|Chester Nez and the unbreakable code : a Navajo code talker's story|
Author: Bruchac, Joseph
As a boy, Chester Nez was taught his native language and culture were useless, but he was later called on to use his Navajo language to help create an unbreakable military code during WWII.
Download a Teacher's Guide
|Accelerated Reader Information:|
Interest Level: MG
Reading Level: 4.80
Points: .5 Quiz: 194117
|Reading Counts Information:|
Interest Level: 3-5
Reading Level: 4.70
Points: 3.0 Quiz: 72530
Kirkus Reviews (+) (03/01/18)
School Library Journal (05/01/18)
The Bulletin of the Center for Children's Books (00/06/18)
Full Text Reviews:
Booklist - 04/01/2018 Bruchac distills his extensive knowledge about the Navajo code talkers in this complex biography for young readers. When Betoli is taken to boarding school at the age of eight, his name is changed to Chester, his head shaved, and his language forbidden. Despite his own despair, Chester stays strong and comforts other children when nightmares plague them. This is a story of forced adaptation: Chester learns English and Christian prayers in order to survive, while maintaining his Navajo identity. It is a story of conflict: Chester lends his skills to the very power that fought his people. His work with the U.S. military, developing the code that results in the enemy’s defeat, brings him both trauma and honor. The tragic irony of Chester’s life may be lost on young readers, but older ones may ask salient questions about a society that forbade Navajo ways until they were useful. Amini-Holmes’ striking illustrations bring these contrasts to life, merging both of Chester’s lives while keeping them distinctly separate. An author’s note adds detail and context. - Copyright 2018 Booklist.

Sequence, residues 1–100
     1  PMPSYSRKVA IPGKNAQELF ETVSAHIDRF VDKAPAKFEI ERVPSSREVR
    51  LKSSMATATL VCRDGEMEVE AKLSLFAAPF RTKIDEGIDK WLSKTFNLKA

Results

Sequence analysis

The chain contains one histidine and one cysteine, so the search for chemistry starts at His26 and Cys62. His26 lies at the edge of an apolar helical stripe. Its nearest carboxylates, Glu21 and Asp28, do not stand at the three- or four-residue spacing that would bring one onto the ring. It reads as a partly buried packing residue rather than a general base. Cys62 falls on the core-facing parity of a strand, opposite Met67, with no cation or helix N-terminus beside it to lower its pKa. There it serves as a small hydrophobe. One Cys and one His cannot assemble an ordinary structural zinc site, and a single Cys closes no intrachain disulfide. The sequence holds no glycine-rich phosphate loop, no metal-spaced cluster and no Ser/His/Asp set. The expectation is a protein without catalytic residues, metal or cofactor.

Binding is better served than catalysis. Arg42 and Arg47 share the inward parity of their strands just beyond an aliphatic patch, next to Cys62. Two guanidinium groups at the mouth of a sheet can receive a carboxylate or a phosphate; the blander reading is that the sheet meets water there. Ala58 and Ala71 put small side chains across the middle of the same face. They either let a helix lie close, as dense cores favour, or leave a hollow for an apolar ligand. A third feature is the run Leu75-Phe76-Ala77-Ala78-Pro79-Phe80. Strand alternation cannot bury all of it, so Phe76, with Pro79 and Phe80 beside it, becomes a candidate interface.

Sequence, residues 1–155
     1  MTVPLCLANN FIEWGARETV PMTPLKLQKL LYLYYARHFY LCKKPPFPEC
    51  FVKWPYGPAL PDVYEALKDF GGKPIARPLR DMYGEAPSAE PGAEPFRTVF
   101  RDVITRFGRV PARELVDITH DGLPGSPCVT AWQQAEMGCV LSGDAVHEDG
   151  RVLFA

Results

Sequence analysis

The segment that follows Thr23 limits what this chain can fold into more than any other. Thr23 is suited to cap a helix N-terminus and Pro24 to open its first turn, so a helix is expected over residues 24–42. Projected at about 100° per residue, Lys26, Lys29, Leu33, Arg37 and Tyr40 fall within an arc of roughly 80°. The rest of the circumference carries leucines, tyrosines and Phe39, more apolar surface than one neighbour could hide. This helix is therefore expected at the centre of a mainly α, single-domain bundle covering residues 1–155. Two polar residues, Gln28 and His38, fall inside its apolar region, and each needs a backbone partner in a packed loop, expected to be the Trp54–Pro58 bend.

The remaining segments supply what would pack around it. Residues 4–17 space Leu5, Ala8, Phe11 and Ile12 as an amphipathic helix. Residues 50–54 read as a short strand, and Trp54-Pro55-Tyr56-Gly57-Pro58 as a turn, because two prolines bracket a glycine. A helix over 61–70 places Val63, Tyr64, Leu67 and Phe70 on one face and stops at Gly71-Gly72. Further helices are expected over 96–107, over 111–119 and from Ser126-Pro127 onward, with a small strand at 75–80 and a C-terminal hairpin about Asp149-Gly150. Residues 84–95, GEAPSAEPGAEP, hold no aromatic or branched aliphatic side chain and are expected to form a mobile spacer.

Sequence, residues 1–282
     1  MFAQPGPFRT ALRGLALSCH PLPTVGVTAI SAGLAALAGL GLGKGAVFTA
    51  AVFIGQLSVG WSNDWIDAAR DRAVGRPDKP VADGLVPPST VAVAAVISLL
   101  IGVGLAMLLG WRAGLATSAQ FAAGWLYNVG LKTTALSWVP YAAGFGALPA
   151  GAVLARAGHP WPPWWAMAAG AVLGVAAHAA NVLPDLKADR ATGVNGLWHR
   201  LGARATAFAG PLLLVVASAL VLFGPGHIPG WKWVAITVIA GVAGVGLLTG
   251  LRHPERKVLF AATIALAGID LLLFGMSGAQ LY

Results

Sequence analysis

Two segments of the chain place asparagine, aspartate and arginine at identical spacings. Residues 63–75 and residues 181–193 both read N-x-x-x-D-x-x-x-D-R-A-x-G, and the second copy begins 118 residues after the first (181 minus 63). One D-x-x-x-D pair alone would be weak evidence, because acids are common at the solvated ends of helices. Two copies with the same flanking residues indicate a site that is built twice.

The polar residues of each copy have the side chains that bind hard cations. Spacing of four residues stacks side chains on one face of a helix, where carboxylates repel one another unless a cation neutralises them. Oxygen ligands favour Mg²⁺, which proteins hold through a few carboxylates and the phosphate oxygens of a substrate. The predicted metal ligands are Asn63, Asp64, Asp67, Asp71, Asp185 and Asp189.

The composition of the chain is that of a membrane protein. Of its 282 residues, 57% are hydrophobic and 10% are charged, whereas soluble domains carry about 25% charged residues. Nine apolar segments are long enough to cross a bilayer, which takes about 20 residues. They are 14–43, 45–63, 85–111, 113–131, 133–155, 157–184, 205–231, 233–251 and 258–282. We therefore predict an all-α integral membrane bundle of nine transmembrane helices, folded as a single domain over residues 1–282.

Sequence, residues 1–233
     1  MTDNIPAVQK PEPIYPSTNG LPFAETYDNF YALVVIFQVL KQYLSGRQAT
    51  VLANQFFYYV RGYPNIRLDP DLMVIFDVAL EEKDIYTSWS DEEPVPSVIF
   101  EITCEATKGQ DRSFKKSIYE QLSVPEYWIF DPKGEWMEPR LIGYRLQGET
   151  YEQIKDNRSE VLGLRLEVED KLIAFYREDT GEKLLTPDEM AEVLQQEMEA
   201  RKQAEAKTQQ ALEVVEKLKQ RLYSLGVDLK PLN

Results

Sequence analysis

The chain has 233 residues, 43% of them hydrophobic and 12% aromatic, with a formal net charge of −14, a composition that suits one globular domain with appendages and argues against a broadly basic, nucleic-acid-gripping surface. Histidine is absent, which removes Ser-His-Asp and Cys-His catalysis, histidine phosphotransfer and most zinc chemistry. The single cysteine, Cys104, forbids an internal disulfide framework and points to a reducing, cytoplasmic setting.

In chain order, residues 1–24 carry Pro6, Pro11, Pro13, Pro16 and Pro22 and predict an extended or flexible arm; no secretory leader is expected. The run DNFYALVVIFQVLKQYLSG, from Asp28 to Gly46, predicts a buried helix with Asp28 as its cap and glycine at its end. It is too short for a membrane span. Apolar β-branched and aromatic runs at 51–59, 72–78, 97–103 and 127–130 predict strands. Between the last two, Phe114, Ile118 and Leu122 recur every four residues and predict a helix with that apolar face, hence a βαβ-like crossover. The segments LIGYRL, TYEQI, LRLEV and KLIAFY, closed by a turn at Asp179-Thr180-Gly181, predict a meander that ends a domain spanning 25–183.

School Library Journal - 05/01/2018 Gr 2–5—Bruchac has penned a moving portrait of Chester Nez, a Navajo code talker who survived the residential school system and World War II. The narrative opens in 1929, with an eight-year-old Betoli being forced into a missionary's truck and given the name Chester. Even though he was told to only speak English in order to "live in the white man's world," he decided to never forget his language and his people. Once he graduated, he joined the U.S. Marine Corps and was placed in platoon number 382, the group who created the only unbreakable code during the Second World War. Told in chronological segments (e.g., "December 1941: Month of Crusted Snow"), the work explores how closely the trauma of the residential school system and of fighting in war resemble each other. Amini-Holmes's illustrations are visceral in their depiction of pain; however, these moments are offset by more joyful scenes of Nez with family and his fellow code talkers and of him living "the Right Way." ("But what he felt best about…able to live the Right Way as a Navajo, holding on to his language and traditions despite being told in school to give up his culture.") Back matter includes an author's note and a portion of the Navajo code. VERDICT A can't-miss picture book biography.—Amanda C. Buschmann, Carroll Elementary School, Houston - Copyright 2018 Publishers Weekly, Library Journal and/or School Library Journal used with permission.